France drives investment and development in quantum technologies
In March, a scientific note on Quantum technologies was published by the Parliamentary Office for the Evaluation of Scientific and Technological Options (OPECST) highlighting the current status on quantum technologies advancements as well as the worldwide and French public and private initiatives. ID Quantique contributed to this note, together with numerous experts from the field.
France’s quantum initiatives
The report states that since 2017, the National Research Agency (ANR) in France has set up a Scientific Evaluation Committee (CES 47) devoted to quantum technologies with a budget of around €10 million. In Grenoble, three laboratories (CEA-Leti, INAC and Institut Néel) have joined forces around the QuCube project to develop a semiconductor silicon-based quantum processor. The project has won European funding ERC Synergy Grant and will receive €14 million over six years.
Elsewhere, the Île-de-France region (around Paris) has recognised quantum technologies as a “major interest area” and is funding the SIRTEQ project with approximately €10 million over four years. SIRTEQ aims to promote an academic research excellence in the field of quantum technologies in Île-de-France, taking into account the current social issues and the importance of knowledge transfer and technologies.
Some private initiatives are also being set up ahead of a major national initiative. Such initiatives include the Quantonation fund, which was created in September 2018 with the aim to raise a total of €40 million to invest in four years to support start-ups. For its part Atos, a leading European integrator, has invested in and markets its QLM (Quantum Learning Machine); the only platform for quantum simulation of the market with customers in the United States and Europe.
In December 2018, IBM inaugurated its seventh global center of excellence focussed on quantum computing, called IBM Q Hub, in Montpellier. Efforts to transfer technology and promote research in the domain of quantum physics are also highly developing in France.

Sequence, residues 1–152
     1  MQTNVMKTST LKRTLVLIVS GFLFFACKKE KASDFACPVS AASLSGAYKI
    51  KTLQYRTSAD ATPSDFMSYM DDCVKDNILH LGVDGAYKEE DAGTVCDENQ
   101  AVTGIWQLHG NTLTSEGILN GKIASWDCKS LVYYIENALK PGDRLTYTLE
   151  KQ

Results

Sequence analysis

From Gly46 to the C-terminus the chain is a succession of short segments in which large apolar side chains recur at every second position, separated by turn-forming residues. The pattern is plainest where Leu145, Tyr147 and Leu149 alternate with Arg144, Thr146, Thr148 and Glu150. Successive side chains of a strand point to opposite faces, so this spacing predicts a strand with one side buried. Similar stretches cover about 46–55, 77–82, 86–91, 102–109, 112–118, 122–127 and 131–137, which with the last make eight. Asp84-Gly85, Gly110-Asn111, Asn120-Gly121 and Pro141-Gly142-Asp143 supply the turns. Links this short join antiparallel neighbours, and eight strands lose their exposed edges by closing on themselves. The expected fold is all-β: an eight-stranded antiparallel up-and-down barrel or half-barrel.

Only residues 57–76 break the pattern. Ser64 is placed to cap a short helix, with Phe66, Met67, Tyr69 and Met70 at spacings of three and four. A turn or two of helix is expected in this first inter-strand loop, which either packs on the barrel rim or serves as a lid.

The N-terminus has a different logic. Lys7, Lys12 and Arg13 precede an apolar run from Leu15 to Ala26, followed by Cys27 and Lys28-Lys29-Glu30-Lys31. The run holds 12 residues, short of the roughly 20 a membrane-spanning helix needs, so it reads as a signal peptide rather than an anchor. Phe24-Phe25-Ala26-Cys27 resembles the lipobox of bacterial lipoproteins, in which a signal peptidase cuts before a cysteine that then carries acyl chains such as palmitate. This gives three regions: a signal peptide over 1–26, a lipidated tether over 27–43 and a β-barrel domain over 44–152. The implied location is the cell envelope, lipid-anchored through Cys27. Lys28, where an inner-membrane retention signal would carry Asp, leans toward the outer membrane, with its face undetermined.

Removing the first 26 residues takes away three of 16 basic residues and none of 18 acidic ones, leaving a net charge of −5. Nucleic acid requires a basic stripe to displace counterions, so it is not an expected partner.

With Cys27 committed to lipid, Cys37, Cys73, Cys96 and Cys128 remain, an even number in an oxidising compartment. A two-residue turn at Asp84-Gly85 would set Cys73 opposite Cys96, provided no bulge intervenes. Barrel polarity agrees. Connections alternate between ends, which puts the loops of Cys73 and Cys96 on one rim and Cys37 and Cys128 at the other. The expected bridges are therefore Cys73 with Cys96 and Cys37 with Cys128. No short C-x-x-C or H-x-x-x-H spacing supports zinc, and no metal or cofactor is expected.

Other examples include the start-up Muquans, which specialises in quantum gravimeters and atomic clocks with very high precision (drift less than 1 second over 30 million years). Similarly the company Quandela, from the academic world (CNRS and University Paris Saclay), manufactures indistinguishable sources of photons that can serve as information medium for a quantum computer called “optical”.
The note concludes that, with the commitment of the second quantum revolution, governments and manufacturers in different countries are launching ambitious plans to anticipate future changes and identify opportunities. This revolution is of strategic importance for France, as well as Europe as a whole. It will cover various fields, intersect fundamental research and engineering and form the basis for forthcoming scientific notes on computing and quantum computers, as well as quantum and post-quantum cryptography.
The finance industry recommends using quantum cryptography
Finance Innovation, a publicly funded body dedicated to the promotion of innovations in the financial sector in France, has recently published a white paper on Artificial Intelligence, Blockchain and Quantum Technologies, which is available (in French only) on their website.
More than 200 experts from these fields contributed to this document, which provides a very interesting picture of the status of these game-changing innovations, and to their application in the finance sector. This white paper was then presented to the insurance and banking industries during two meetings.
ID Quantique contributed to the round tables on quantum technologies which discussed how these innovations, and more specifically the quantum computer, will benefit the financial sector in the medium to long term. By enabling new computations, thought to be intractable with classical computers, quantum computers will greatly enhance risk analysis, management of financial portfolios and more.
However, a more immediate negative effect is that the mere possibility of a quantum computer is already forcing the financial world to review its existing cybersecurity models. New solutions, such as post-quantum cryptography and quantum key distribution will have to be implemented sooner rather than later, in order to ensure that financial transactions in the cyberspace remain secure.
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